It would have been best to have placed Balakirev’s Russia first (as in the concerts) for very little can follow Rachmaninov’s Third Symphony. The Balakirev (1864/1907) is hardly distinguished as a piece, yet it is pleasing and likeable, and is given here with sensitivity and unforced devotion, the numerous folksongs (that gave such unstinting service to Russian composers during the nineteenth-century) adding soul to the music.
One of Rachmaninov’s great masterpieces, the Third Symphony (1936) was written for the Philadelphia Orchestra. Stokowski conducted the first performance, and then the composer recorded it in 1938 with the same forces, and Stokowski’s successor as music director Eugene Ormandy (he had a 44-year tenure and was also a Rachmaninov associate) set down an excellent version some years later.
Valery Gergiev and the LSO have Rachmaninov 3’s measure, music that is powerful, emotional, beautiful, energised and volatile, all revealed in a quite fabulous orchestration that is sophisticated, subtle and kaleidoscopic, everything perfectly judged and so imaginative. It’s a very special piece.
The first movement is unfolded spaciously by Gergiev and very consciously sounded in terms of timbre and balance, with much play made of the music’s quotient for bittersweet nostalgia. It’s not until after the exposition (here repeated, which neither the composer nor Ormandy observe) that Gergiev begins to explore the music’s many thrills and impassioned eruptions, all the time quite individuality moulded and with largesse. Time and again it’s good that the recording makes explicit Gergiev’s use of antiphonal violins and left-positioned double basses. As throughout, there are discriminating contributions from woodwinds and strings.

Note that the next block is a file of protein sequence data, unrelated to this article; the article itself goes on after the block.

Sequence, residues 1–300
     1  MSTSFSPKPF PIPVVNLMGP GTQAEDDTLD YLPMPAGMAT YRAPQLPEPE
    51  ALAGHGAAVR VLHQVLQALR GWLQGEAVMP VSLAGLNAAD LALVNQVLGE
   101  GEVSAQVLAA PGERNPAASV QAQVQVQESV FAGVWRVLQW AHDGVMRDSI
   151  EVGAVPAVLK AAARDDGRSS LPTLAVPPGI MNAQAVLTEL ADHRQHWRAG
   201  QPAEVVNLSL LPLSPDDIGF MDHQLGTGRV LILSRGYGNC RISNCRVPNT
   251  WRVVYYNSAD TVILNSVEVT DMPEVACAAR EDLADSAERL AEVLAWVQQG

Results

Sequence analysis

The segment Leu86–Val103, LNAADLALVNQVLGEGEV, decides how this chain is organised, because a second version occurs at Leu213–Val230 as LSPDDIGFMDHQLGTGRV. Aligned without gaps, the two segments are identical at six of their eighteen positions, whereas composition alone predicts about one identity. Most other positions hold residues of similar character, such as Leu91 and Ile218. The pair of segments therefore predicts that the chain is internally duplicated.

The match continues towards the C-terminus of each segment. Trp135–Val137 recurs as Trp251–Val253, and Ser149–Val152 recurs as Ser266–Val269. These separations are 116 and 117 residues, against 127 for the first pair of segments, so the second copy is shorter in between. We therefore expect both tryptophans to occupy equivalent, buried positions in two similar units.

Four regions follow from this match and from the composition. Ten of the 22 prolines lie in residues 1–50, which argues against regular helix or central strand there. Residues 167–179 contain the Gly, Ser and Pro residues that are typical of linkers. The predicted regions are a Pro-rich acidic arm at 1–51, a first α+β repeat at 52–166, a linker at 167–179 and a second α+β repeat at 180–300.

With the exquisiteness of the wonderful slow movement Gergiev and the LSO bring out the music’s romance and regret (and there is a lovely opening horn solo from Katy Woolley) and when the dazzling middle section arrives it is given with virtuosity and precision, as the music demands. The Finale too is unrushed, as it needs to be (Ormandy and Paavo Berglund are just-so, too), Such a trenchant approach does not preclude lightness of touch; and if the slower sections rhapsodise too luxuriantly then the fugue is really made to belong and is given razor-sharp articulation (divided violins coming into their own). There have been wilder accounts of the coda (Paul Kletzki, for example) – although Adam Walker’s flute solo leading up to it is a thing of wonder – but Gergiev’s dash, if lacking desperation, is not quite fitting of his view of the Symphony overall but this is then contradicted by the big rallentando he places over the final few bars – and quite effectively.
I still hold firm that André Previn’s first recording of Rachmaninov 3 (originally RCA) is the one to have – his re-make for EMI, also LSO, didn’t quite emulate it – but there are other fine versions out there, and the music itself is just superb and open to much interpretation. I am certainly pleased to have this one from Gergiev, notable for its spaciousness, poise and integrity. Made tangible is these performers’ sincere consideration for the composer’s depth of feeling and his sheer mastery of getting it onto the page with such personality and proficiency. Applause after both works is rightly excised.